The host-read ad is still king, but podcast advertisers are experimenting with programmatic ads

It’s a little complicated, so we’ll break it down.
article cover

Francis Scialabba

· 7 min read

As podcast advertising revenue continues to grow—to $2 billion by 2023, by IAB estimates—podcast networks are enhancing ad tech for the burgeoning industry.

The past few years have seen a slew of acquisitions in the space. Take iHeartMedia, which acquired Triton Digital, an ad-tech platform for audio, last February. Later in the year, Spotify scooped up Whooshkaa, an Australia-based podcast tech platform.

Targeting and measurement capabilities have improved by leaps and bounds since podcasting’s early days. But the industry was built on host-read ads and sponsorships sold directly, so the integration of programmatic advertising hasn’t exactly been seamless. Still, podcast companies want to keep growing their ad revenue, and advertisers want to reach listeners at scale.

“You’re taking lots of tech from different places, and you’re ultimately creating it on the fly, so you’re driving the train down the tracks,” explained Natrian Maxwell, GM, emerging channels at The Trade Desk. “You’re also fixing the train and building the train at the same time, so there is going to be a little bit of a [learning] curve in terms of integrating this new tech, testing it, ensuring that it’s working the way it’s supposed to be working, and then building upon that with new features.”

Still, programmatic spending makes up a small portion of the industry overall. It’s forecasted to be 8% of all US podcast ad spend this year, per eMarketer, but just 2.2% of podcast ad inventory was sold through programmatic channels in 2020, according to the IAB.

Marketing Brew spoke with several podcast ad buyers, sellers, and industry execs who broke down what the small programmatic ecosystem looks like these days, how it’s helping the space grow, and why some are opting out.

Murky middle

Those who work in the podcast industry say that, at least on the whole, it doesn’t have full programmatic capabilities quite yet. That’s largely because only parts of the process are truly automated.

Much of it boils down to this: When media buyers purchase ads on digital platforms, they can do so with varying degrees of self-sufficiency. They can log into tools like Meta’s Ads Manager to place bids and manage campaigns without human interaction. That’s not the norm in the podcast space.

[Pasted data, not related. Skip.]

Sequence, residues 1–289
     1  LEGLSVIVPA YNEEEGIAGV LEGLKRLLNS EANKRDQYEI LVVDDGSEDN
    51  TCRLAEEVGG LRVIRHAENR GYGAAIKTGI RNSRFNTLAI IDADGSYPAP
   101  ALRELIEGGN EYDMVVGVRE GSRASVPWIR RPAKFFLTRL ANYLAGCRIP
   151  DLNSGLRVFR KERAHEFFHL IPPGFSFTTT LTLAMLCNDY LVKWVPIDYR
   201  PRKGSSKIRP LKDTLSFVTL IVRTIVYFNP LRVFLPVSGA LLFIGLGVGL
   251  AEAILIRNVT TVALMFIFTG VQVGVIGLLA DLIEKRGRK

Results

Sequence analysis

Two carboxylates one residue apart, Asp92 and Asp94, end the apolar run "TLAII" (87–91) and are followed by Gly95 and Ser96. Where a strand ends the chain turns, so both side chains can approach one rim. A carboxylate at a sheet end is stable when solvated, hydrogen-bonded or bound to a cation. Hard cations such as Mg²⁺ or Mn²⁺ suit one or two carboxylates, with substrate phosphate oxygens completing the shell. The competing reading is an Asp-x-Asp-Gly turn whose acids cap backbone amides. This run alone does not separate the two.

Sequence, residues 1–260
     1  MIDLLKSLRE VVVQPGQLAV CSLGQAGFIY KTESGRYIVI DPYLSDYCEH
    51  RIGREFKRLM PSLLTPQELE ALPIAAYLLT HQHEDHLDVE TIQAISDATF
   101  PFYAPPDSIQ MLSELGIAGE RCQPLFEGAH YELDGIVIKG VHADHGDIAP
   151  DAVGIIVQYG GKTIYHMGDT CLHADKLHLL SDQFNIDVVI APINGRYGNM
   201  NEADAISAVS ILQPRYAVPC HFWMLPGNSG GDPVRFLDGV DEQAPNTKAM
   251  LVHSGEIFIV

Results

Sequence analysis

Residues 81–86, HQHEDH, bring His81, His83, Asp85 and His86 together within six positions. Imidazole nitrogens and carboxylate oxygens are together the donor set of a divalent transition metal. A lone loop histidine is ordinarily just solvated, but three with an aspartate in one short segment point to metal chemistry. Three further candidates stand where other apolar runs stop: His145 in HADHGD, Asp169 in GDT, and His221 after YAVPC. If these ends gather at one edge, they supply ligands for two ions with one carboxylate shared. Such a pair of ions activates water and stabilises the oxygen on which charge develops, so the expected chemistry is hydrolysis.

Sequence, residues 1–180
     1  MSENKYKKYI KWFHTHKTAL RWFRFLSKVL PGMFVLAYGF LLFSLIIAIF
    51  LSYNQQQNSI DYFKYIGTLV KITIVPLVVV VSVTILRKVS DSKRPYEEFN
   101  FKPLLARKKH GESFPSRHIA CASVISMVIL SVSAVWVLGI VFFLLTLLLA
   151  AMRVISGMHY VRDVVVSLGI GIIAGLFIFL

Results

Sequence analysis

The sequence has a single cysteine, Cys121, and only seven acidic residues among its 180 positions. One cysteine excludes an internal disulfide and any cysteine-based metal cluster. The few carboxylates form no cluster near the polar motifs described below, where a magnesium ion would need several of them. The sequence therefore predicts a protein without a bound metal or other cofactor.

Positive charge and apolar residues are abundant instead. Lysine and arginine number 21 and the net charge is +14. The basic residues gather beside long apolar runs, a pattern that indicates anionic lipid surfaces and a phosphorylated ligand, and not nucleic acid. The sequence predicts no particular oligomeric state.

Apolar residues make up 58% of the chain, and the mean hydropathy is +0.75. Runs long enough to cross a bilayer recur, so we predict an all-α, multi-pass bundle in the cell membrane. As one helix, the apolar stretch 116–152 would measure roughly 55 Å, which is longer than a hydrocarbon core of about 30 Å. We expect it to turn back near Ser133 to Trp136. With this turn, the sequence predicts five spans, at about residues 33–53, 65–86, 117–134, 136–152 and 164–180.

“I can’t log into any of these platforms and actually make the buys on the back-end,” said Krystina Rubino, GM, offline practice at marketing firm Right Side Up. “There’s no bidding yet. When I say we are not a programmatic medium yet, that's what I mean.”

As a buyer with years of experience across digital mediums—not just podcasting—Rubino said buyers need more control over transactions before she considers them fully programmatic.

Plus, Rubino told us, most podcast networks, which actually produce the content that marketers are buying ads across, don’t make their programming available on an open exchange, instead operating in private marketplaces.

That’s the case for global podcast company Acast, which counts about 40,000 podcasts as part of its network, the majority of which are available programmatically, according to Elli Dimitroulakos, Acast’s head of automation, Americas.

Ad buyers can access Acast’s inventory through a demand-side platform—Acast is integrated with The Trade Desk, for instance—to buy at scale, not just one campaign on one show. Even so, those buys are still done with help from an Acast salesperson, and there’s no open marketplace bidding involved, according to Dimitroulakos. That’s in part due to the fact that Acast’s inventory is in demand, she explained, so sell-through rates are high even without an open marketplace.

Brian Kaminsky, chief data officer and president of revenue strategies at iHeartMedia, said the company is selling out of almost all its inventory directly via its sales team, not through programmatic deals. When iHeart does sell programmatically, it, like Acast, does private marketplace (PMP) or programmatic guaranteed (PG) deals. These are types of deals that, in short, allow only selected advertisers in.